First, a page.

The fact that I can speak, read and/or write six languages has been more of a nuisance than a help at the beginning of my literary journey. Since I was a young girl, I could speak multiple languages and interact with people from different and diverse cultures. When I was in the sixth grade and was asked to write a “personal story” by my English teacher, Ms. Sessions, I struggled immensely. I sat during the 45 minute class period without writing a single word.

I wanted to tell the story of me making parathas, a type of bread popular in the Southern part of Asia, with my grandmother. However, I was conflicted because I felt it was an experience that none of my Western classmates could relate to. My desire to conform contrasted with my innate identity. In his essay, "The Fortunate Traveler: Shutting between Communities and Literacies by Economy Class," Suresh Canagarajah talks about his own struggle to write in a way that would be appreciated by his Western colleagues and superiors as well as his friends and family in Sri Lanka. Canagarajah also discussed how his bilingualism affected his writing. He states, ”The Tamil of my oral interactions influences the English of my writing” (25).

I have almost the same kind of experiences that were much more foreign and exotic than the experiences of my Western peers. I did not want to be deemed strange so I chose to not express myself at all, instead of embracing my ability to speak in so many languages.

The Bengali, Hindi, and Urdu I speak at home leaks into the rhetoric that I scribbled in my English classes. It is deeply embedded and unavoidable. This felt like an obstacle early on when I was asked to write assignments about personal anecdotes because I had a desire to conform with my Western classmates but I also wanted to talk about my family.

My classmates had stories of vacations in the Poconos and playing softball. I spent my summers in the hot tropics of South Asia inside Mosquito nets. I played with chickens and walked on mud roads. These experiences made me feel alien and I failed to write cohesive stories due to the fact that I was unable to communicate my experiences fully due to the lack of vernacular in the English language to describe my cultured, distant journeys.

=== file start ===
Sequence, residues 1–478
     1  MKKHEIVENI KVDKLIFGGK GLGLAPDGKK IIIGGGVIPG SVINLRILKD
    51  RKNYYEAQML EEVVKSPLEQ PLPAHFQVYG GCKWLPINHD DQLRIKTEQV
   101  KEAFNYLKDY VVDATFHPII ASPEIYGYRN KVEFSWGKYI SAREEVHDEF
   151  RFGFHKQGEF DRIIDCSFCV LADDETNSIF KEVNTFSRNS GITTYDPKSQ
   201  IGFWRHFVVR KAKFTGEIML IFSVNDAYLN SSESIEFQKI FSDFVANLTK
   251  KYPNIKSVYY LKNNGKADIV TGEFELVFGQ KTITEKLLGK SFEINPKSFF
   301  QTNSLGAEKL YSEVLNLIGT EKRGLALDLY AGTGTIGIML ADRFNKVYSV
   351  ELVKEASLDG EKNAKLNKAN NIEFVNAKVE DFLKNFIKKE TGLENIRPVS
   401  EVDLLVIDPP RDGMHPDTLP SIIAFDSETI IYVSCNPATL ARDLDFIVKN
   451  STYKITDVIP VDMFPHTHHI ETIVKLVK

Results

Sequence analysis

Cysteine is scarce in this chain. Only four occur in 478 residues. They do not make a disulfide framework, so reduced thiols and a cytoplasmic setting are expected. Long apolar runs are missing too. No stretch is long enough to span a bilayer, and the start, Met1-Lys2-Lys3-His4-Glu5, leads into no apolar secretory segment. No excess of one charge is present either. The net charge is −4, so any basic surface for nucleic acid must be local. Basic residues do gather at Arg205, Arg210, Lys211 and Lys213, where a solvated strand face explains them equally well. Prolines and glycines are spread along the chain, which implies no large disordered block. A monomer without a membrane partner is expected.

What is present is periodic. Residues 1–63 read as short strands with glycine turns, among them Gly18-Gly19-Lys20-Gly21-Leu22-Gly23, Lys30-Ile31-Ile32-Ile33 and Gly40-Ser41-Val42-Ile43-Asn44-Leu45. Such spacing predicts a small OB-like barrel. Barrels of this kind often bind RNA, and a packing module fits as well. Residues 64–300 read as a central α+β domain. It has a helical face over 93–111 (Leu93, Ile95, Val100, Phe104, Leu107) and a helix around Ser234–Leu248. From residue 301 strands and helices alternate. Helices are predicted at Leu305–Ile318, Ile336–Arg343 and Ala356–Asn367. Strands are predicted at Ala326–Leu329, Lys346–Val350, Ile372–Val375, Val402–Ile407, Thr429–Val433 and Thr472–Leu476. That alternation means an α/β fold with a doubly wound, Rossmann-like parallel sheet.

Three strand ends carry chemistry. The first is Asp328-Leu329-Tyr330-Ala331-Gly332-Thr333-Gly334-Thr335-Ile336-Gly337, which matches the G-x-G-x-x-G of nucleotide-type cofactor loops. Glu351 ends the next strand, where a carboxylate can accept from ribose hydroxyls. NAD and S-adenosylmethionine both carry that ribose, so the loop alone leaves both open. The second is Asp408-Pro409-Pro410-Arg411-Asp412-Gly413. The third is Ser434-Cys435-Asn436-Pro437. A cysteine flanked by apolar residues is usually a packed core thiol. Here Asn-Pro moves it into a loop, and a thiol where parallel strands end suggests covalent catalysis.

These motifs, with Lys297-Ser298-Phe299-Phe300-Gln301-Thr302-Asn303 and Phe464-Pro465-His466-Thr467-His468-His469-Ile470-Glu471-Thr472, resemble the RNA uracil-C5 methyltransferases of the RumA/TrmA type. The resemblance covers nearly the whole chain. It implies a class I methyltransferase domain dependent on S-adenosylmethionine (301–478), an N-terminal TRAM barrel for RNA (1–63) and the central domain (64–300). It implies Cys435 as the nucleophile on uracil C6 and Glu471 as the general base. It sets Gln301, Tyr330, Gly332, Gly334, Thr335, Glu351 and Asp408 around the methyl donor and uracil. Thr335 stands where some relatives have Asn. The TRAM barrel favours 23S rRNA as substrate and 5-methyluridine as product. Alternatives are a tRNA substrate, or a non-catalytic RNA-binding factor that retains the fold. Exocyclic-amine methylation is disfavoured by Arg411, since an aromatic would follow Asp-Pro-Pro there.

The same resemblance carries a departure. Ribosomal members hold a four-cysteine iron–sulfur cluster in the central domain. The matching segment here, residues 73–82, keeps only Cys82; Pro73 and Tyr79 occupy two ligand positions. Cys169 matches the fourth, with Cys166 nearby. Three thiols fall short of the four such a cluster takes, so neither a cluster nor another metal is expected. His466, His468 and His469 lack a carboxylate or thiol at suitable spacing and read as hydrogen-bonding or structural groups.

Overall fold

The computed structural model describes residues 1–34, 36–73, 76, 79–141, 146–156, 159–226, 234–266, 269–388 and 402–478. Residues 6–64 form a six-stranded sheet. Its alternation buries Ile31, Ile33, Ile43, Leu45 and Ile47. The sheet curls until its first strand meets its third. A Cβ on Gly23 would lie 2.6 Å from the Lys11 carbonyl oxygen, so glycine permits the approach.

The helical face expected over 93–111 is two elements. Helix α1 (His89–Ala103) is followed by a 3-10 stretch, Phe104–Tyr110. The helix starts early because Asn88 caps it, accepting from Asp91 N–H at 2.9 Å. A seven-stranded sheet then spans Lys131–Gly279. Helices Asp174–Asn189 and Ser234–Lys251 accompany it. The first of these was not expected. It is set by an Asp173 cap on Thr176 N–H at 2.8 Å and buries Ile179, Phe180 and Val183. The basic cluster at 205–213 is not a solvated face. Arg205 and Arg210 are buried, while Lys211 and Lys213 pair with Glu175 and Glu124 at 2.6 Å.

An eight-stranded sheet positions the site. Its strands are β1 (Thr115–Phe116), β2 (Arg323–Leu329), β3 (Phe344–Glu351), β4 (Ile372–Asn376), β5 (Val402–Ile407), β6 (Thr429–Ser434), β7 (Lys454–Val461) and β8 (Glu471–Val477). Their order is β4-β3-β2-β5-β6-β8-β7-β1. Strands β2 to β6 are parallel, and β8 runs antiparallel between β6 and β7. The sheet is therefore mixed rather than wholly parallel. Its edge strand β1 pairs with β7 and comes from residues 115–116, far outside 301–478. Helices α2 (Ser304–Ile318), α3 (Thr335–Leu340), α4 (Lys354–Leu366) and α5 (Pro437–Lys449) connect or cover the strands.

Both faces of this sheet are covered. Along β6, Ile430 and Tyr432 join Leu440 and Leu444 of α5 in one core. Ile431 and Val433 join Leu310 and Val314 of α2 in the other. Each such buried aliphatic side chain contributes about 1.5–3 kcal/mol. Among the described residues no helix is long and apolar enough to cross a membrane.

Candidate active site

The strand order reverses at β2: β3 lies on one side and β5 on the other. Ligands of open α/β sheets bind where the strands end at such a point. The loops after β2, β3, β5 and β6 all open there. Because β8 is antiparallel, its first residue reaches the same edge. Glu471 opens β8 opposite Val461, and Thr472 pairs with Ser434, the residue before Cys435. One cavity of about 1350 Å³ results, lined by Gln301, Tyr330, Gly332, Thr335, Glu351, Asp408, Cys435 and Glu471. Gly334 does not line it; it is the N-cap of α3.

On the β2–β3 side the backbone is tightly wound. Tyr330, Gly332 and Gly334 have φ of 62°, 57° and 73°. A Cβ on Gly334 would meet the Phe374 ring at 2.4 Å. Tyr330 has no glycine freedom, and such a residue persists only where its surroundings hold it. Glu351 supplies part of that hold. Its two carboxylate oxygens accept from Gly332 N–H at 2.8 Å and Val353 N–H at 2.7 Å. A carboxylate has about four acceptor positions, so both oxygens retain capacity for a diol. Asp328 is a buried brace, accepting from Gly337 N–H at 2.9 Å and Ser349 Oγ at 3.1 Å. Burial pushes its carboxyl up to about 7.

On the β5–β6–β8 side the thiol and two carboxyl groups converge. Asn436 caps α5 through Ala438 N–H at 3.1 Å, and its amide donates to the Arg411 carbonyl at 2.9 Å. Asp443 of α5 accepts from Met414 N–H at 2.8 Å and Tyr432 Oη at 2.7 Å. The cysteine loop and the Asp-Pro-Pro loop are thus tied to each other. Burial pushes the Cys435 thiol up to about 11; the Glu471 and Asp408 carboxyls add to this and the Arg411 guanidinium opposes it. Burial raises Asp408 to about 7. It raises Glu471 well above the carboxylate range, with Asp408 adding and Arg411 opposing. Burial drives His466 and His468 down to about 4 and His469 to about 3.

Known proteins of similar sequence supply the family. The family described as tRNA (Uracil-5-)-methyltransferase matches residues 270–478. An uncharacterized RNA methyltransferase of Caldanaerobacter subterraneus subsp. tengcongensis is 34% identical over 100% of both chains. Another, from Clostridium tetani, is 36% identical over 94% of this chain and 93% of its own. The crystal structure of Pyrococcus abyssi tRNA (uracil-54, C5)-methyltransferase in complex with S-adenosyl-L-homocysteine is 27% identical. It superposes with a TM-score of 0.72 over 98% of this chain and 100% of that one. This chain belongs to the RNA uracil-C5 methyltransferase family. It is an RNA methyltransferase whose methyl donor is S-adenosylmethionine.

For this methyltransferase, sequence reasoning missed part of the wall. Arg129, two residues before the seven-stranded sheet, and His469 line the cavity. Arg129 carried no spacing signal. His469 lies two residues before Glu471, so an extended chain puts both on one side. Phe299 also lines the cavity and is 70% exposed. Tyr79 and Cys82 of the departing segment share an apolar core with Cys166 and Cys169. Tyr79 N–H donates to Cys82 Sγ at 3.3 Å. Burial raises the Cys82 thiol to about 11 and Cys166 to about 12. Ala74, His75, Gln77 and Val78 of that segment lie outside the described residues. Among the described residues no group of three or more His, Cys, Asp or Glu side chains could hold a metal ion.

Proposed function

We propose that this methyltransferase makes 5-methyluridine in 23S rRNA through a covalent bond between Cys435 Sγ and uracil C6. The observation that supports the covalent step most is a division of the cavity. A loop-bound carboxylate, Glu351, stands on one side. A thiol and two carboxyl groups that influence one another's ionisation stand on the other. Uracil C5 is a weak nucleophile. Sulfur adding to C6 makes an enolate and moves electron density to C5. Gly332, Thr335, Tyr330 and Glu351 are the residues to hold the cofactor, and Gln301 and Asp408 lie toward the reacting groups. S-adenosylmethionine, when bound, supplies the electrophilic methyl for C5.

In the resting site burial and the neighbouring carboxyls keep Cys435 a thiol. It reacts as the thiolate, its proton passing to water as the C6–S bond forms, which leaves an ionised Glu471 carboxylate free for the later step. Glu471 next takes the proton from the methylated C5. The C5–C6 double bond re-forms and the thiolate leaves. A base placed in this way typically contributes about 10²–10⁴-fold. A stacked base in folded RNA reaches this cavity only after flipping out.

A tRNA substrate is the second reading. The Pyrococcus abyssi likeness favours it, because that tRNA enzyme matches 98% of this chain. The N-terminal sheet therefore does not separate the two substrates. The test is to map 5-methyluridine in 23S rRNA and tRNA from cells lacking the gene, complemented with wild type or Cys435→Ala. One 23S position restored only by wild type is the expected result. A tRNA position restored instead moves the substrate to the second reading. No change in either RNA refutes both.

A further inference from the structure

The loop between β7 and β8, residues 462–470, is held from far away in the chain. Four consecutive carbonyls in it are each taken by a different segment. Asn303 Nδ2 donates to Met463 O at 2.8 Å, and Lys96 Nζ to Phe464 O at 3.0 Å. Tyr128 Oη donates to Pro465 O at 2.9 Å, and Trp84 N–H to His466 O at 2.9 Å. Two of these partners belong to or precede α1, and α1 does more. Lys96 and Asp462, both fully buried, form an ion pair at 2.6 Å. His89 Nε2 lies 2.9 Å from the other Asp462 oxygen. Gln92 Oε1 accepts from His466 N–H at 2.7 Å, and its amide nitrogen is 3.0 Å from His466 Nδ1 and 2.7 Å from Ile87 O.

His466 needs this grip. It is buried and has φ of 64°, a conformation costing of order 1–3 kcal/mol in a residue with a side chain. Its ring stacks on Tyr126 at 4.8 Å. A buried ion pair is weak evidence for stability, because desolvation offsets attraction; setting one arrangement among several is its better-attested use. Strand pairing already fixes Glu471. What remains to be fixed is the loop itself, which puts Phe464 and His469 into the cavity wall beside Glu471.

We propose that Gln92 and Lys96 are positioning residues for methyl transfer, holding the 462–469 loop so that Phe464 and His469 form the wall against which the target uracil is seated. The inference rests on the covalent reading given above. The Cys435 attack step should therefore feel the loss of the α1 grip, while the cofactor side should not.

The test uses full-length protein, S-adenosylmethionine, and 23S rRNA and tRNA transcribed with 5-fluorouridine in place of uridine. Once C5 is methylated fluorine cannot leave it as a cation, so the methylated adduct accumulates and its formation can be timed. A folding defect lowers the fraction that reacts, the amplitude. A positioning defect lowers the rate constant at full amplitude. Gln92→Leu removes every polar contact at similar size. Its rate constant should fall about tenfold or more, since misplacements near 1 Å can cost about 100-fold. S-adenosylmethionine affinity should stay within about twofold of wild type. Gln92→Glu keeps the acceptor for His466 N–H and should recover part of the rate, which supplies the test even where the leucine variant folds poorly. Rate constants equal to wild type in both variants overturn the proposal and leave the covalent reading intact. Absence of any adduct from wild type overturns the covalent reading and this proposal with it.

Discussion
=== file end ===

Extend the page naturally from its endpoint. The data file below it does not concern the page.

Ms. Sessions almost failed me in writing in the sixth grade due to the fact that my essays felt messy and strangely ordered to her. She found my descriptions befuddling and I could explain that there were no words in the English language that could describe my vibrant anecdotes. I was devastated and felt helpless because I did not know where to go to seek help. No one shared my problems. No teacher, nor any classmates could sympathize with me. In those moments of isolation, I resented the cultures that made me who I am, because they also made me lonely.

The process of becoming literate and having my peers appreciate my writing was difficult. Sometimes, when answering questions, I would use words from other languages that were not English. This made my classmates uncomfortable with me and my teachers flustered. The cultural clash caused my confidence in my writing and reading skills to further deteriorate. Even in my preference of literature, there were contrasts. I love the familial tales of Nobel Prize-winning writer Rabindranath Tagore, but I also had great admiration for the dystopias created by George Orwell. Two authors who were culturally and stylistically so different and yet I felt that they both connected with me and my writing in a deep way.

Perhaps I was beginning to discover that coming from contrasting cultures and speaking multiple languages also gave me the ability to connect with many points of views on varying specters. In his article “Cultural Schemas and Pedagogical Uses of Literacy Narratives: A Reflection on My Journey with Reading and Writing,” Ghanashyam Sharma describes studies that had observed that students originating from Africa and Asia had difficulties writing literacy narratives because in these cultures the writer is never viewed as the creator of knowledge. English compositions require the author to talk about themselves in a very personal, reflective way.

This is rooted in the fact that Western societies like America are based on individualism. In contrast, Asian societies such as China and India are based more on the filial structure. When asked to write about myself and my experiences, I felt discomfort, because, at home, my family never asked me to reflect using my own personal lense or point of view. Rather, they asked me to always take into account how an experience was for all the people in our family unit.

When I wanted to do something, I had to take into account how my mom or dad would feel as well, because cultural that was the norm in my home. For this reason, often my anecdotes were marred with red pen marks for being too short and including very little details. I felt that this would be my reality forever and I would never improve. How could I possibly explain to my peers how hard it is to condense myself into two pages without going into the nuances of my complex background?

Cover Image Credit: Pexels